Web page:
In Russia, Beer Will No Longer Be a Food

Alexander Abad-Santos
In Russia, Beer Will No Longer Be a Food

Don't laugh: Lagers, ales, and pilsners were long considered "food" by the Russian government, but thanks to a new rule going into effect in 2013 (any minute now over there), it's going to be a lot tougher to find a brewski in the motherland. The story is a lot more complicated than laughing at the thought of "eating" beer (which does happen in some parts), and it has to do with beer's history of being treated like a soft drink rather than alcohol — until now.

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"The limits are part of a government effort to reduce alcohol abuse in Russian, where one in five male deaths are linked to booze, according to world health experts," reports NBC News. More specifically, "The average Russian drinks the equivalent of 32 pints of pure alcohol per year and about 500,000 deaths annually are thought to be drink-related. That includes a large number of about 30,000 annual road accident deaths and of several thousand cases of drowning," reports The Telegraph. According to NBC, beer won't be available at "street kiosks, gas stations and bus depots like it has been" — at least not between the hours of 11 p.m. and 8 a.m. Then again, that's what bars are for.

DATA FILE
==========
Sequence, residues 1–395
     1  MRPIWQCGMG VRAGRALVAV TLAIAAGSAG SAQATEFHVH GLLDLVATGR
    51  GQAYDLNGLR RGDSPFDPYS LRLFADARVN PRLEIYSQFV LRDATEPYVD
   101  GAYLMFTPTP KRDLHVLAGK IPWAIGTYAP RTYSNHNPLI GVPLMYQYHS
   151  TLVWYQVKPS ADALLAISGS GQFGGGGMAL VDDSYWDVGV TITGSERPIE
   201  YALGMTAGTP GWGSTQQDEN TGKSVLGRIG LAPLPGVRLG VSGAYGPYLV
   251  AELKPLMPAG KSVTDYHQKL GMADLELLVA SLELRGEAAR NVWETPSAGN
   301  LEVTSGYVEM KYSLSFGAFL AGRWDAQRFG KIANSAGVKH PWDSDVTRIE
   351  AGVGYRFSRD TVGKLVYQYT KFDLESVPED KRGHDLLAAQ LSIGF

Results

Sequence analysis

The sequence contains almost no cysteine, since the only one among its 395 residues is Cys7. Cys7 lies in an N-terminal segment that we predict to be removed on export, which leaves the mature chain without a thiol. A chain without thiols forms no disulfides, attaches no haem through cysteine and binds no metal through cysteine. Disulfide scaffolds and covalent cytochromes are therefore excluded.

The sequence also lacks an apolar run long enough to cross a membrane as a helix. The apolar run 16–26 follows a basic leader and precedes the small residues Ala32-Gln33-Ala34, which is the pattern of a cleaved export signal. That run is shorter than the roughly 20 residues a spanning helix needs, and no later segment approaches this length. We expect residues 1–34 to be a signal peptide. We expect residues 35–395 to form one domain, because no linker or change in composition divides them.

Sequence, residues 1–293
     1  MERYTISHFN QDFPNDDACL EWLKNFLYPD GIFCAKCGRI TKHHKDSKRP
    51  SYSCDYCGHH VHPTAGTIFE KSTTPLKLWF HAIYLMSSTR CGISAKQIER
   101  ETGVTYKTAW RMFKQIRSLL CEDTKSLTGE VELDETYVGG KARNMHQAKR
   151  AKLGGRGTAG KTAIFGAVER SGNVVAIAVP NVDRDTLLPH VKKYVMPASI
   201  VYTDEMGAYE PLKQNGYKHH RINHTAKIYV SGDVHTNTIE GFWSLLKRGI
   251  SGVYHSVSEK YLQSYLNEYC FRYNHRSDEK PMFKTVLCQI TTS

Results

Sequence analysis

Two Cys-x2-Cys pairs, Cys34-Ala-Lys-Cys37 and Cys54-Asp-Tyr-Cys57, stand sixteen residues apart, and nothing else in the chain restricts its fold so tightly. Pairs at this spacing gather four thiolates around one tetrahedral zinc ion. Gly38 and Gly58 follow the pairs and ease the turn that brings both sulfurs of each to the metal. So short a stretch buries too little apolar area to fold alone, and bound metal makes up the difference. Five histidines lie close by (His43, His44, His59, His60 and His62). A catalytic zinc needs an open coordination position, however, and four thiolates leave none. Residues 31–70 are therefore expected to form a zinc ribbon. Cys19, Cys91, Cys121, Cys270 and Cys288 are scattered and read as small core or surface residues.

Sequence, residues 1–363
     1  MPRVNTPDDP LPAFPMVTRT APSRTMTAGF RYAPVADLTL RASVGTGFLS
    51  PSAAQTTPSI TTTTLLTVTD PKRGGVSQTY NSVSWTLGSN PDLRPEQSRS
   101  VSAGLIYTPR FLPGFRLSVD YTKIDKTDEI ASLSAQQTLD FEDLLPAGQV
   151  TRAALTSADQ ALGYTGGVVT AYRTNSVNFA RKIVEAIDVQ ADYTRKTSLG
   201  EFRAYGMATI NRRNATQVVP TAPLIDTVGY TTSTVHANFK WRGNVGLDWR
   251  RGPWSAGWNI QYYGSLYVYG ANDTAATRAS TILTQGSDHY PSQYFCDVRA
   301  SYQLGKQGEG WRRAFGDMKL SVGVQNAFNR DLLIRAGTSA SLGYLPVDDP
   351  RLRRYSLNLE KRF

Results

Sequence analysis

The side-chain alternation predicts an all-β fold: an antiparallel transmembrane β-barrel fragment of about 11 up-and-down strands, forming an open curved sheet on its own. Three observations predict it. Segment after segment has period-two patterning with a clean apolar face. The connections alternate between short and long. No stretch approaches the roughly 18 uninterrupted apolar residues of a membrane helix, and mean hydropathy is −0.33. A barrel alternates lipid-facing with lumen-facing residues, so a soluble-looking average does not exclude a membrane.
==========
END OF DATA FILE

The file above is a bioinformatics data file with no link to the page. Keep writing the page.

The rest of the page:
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What Russians still have is plenty of vodka, which accounts for almost 50 percent of alcohol sales, and those numbers could see a boost with the new beer rules going into effect. And, well, beer will still be a food during tonight's New Year's celebrations, when Russians are expected to drink 1.5 billion liters of alcohol, reports Russia's

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